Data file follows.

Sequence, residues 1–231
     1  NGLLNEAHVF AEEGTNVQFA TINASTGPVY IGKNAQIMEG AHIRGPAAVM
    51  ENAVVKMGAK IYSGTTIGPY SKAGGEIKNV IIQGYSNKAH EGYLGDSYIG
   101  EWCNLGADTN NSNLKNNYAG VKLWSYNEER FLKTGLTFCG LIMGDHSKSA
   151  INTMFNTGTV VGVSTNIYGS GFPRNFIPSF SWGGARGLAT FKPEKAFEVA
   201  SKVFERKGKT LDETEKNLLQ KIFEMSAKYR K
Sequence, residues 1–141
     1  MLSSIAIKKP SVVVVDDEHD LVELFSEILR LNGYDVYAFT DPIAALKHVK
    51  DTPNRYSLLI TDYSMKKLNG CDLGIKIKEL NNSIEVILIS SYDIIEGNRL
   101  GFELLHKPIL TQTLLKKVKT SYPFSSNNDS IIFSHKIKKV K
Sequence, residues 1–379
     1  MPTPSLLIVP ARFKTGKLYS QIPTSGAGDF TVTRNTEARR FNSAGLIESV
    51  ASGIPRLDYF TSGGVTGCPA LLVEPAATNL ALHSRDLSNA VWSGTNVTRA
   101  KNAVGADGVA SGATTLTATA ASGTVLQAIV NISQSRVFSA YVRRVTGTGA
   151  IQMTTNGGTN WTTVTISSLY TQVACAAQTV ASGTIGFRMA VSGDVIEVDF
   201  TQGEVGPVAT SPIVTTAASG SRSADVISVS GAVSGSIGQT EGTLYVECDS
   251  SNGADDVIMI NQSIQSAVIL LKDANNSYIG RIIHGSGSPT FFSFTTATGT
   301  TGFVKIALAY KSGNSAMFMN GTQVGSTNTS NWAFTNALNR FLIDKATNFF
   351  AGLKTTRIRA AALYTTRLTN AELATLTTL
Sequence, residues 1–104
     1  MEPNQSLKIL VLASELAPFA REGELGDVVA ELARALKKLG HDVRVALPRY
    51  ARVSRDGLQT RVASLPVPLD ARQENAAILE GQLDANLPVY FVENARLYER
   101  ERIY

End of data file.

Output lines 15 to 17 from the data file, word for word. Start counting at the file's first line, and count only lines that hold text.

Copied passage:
   151  IQMTTNGGTN WTTVTISSLY TQVACAAQTV ASGTIGFRMA VSGDVIEVDF
   201  TQGEVGPVAT SPIVTTAASG SRSADVISVS GAVSGSIGQT EGTLYVECDS
   251  SNGADDVIMI NQSIQSAVIL LKDANNSYIG RIIHGSGSPT FFSFTTATGT